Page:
JOHANNESBURG - Research by digitally-led marketing agency, Rogerwilco, indicates that only 25 percent of South Africa’s most popular websites have pop-ups that explicitly ask visitors for consent to collect data about their browsing activity.
With the Protection of Personal Information Act (Popia) coming into effect on tomorrow, these company websites are at risk of facing fines of up to R10 million for each breach.
At the same time, their executives could be jailed for ten years.
According to Rogerwilco chief executive, Charlie Stewart, “Popi requires that organisations take reasonably practicable steps to ensure that consumers know which of their personal information is being collected and for what purpose.”
While there is confusion as to whether or not South African websites need to ask visitors for their content to track them, Popi is largely based on the EU’s GDPR privacy bill, which requires people to ‘opt-in’ if tracking is applied.
“The penalties for non-compliance with Popi are significant, but fortunately, a 12-month grace period will apply during which organisations can get their house in order,” said Stewart.
He said, “The most shocking outcome from this research is that two years on from Cambridge Analytica, a scandal that changed the world, brands continue to play fast and loose with consumers’ data.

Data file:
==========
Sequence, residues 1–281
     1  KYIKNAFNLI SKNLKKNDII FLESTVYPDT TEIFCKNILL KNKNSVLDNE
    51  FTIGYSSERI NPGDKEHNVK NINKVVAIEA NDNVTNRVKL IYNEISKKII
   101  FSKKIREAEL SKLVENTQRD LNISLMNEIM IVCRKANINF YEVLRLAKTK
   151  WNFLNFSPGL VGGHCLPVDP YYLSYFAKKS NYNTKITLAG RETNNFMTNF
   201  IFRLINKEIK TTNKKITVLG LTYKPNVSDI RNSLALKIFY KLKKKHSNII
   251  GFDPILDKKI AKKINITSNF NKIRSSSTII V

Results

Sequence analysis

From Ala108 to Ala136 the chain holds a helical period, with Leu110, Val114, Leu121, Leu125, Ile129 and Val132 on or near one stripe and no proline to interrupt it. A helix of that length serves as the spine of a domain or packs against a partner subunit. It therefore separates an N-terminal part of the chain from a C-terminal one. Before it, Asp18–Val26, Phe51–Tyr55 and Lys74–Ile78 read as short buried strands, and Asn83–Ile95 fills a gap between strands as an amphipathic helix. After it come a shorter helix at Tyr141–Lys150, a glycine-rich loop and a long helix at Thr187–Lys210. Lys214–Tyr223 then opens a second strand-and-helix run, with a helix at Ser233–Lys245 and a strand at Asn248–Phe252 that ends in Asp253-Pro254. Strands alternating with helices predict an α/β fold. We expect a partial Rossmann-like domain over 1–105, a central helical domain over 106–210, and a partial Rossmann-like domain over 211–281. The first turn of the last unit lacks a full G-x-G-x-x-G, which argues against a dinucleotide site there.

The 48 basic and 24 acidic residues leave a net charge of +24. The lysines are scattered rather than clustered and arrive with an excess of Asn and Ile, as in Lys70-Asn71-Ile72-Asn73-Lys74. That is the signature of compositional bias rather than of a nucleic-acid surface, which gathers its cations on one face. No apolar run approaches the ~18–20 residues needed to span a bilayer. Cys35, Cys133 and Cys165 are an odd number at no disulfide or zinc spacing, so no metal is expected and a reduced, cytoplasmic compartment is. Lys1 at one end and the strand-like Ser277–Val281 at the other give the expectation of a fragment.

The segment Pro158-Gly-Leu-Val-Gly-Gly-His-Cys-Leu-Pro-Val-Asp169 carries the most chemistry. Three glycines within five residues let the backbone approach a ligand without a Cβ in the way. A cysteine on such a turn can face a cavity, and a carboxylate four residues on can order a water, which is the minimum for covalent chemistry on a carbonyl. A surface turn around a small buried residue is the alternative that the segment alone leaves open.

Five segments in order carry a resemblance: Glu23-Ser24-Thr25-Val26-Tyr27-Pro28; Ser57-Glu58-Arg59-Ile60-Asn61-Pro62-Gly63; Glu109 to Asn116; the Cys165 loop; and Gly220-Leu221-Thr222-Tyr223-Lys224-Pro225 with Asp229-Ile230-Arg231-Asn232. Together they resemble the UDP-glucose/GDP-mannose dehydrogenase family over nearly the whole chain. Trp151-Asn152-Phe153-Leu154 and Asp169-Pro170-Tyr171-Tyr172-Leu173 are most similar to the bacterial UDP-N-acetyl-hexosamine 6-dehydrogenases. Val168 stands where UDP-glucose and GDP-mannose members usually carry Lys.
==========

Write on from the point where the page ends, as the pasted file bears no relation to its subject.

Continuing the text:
The debate must move beyond paying lip service to the legal compliance requirements and into a space where companies recognise that they need to restore consumer trust. Policies are not there to make the life of the marketers harder, but the experience of the customers better.”
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About the Research
Rogerwilco conducted the research on Friday, June 26. Analysts visited each of the websites listed on Moz’s list of the country’s most popular local sites (this listing stripped out international websites visited by South Africans such as Google and Facebook). Sites were accessed in incognito mode to ensure cookie consents provided during previous visits would not apply.